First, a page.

I also use an EH voicebox, fed by pelle’s guitar on some songs to recreate the vocoded parts. Vocals run through a Line 6 delay pedal, which allows me to tap the specific tempo for each song.
For the songs that were all written on a modular (i.e. Problem Me, Madrid Changes), I switch to a Monome where I control both the click that goes to the drummer and the different parts of the song, while Pelle adds the guitar parts live. It’s a more fun, active way to use and integrate a computer in a live environment, I believe, but it’s still just two songs out of a set.

For blindoldfreak, I usually just bring my 12 panel Buchla 200e cabinet and either 2 x Line 6 delays (for quad speaker setups) or an Eventide H8000FW. The 200e allows me to have a specific setlist saved as presets, leaving me with a basic patch for each composition, where I can change knob settings on the fly and play with the delays in order to build my drones. There is no other instrument that gives you this amount of flexibility in the modular world at the moment, period. On top of it, each show is different form the other, as I tend to build a specific set for a specific concert/tour. It makes it really interesting and satisfying from a compositional point of view too.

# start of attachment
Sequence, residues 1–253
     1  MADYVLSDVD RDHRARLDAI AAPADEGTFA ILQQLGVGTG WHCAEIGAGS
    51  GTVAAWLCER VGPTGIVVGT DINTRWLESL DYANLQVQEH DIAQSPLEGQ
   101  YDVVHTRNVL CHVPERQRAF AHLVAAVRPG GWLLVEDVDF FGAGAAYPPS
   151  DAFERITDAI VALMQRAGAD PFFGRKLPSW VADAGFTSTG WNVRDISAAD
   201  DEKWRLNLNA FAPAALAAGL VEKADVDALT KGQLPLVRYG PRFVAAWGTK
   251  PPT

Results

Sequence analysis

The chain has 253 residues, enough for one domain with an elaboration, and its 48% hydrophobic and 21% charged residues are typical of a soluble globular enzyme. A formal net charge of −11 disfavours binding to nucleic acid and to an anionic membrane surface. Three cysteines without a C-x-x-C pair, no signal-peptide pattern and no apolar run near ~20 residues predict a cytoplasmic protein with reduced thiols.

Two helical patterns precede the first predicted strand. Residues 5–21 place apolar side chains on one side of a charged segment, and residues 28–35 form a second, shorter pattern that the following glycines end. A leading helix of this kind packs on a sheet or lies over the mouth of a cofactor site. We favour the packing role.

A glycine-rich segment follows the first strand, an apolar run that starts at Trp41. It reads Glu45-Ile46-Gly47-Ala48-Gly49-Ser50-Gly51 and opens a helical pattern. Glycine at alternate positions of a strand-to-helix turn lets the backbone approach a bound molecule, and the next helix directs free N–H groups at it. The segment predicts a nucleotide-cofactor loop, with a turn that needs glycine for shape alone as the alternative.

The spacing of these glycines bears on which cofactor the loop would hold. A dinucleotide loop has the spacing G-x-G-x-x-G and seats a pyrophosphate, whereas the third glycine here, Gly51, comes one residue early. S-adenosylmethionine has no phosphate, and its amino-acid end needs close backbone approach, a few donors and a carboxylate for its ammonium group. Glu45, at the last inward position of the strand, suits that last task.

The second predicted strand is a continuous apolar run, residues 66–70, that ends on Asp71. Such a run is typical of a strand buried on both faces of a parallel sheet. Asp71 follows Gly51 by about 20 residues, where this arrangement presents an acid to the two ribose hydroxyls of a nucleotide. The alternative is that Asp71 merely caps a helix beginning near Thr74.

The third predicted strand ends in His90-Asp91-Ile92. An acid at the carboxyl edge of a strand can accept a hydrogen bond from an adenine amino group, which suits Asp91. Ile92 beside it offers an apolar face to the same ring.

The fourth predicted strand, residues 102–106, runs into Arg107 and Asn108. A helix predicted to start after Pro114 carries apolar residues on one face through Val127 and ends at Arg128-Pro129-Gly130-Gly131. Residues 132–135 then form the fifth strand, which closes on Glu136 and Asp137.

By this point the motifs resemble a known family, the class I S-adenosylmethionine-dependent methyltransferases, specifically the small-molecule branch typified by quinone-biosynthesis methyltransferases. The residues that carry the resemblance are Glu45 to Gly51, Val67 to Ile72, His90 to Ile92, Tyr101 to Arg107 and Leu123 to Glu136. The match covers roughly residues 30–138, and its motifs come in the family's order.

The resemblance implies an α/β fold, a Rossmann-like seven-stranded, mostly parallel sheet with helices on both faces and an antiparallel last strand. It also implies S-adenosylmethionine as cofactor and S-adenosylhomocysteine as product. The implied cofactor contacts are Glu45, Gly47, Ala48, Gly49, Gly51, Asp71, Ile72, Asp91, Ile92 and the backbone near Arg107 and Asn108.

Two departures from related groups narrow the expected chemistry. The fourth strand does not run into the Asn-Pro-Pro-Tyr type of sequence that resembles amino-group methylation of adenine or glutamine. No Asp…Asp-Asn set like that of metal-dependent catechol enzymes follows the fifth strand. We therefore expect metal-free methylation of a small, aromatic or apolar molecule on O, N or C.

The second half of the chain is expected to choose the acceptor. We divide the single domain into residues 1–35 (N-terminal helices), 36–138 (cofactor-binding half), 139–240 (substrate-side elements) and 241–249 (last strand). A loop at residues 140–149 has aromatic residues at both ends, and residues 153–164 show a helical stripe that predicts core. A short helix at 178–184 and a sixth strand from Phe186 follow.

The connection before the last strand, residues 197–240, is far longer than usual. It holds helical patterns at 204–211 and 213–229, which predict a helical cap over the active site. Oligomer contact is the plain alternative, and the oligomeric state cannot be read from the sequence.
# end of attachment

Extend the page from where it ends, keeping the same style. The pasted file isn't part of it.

How many physical locations have you had your studio?
Several locations…maybe 6 or 7? It was easier in the beginning when I was doing everything with the laptop. It’s funny, because i feel I am going backwards: I remember being stoked by the fact that I could record a whole album with my laptop but now I find myself coming up with more ideas in front of a single synth module rather than using all the programs I have available on my mac… I think I am deeply crippled by not being able of taking advantages of tools as much as others.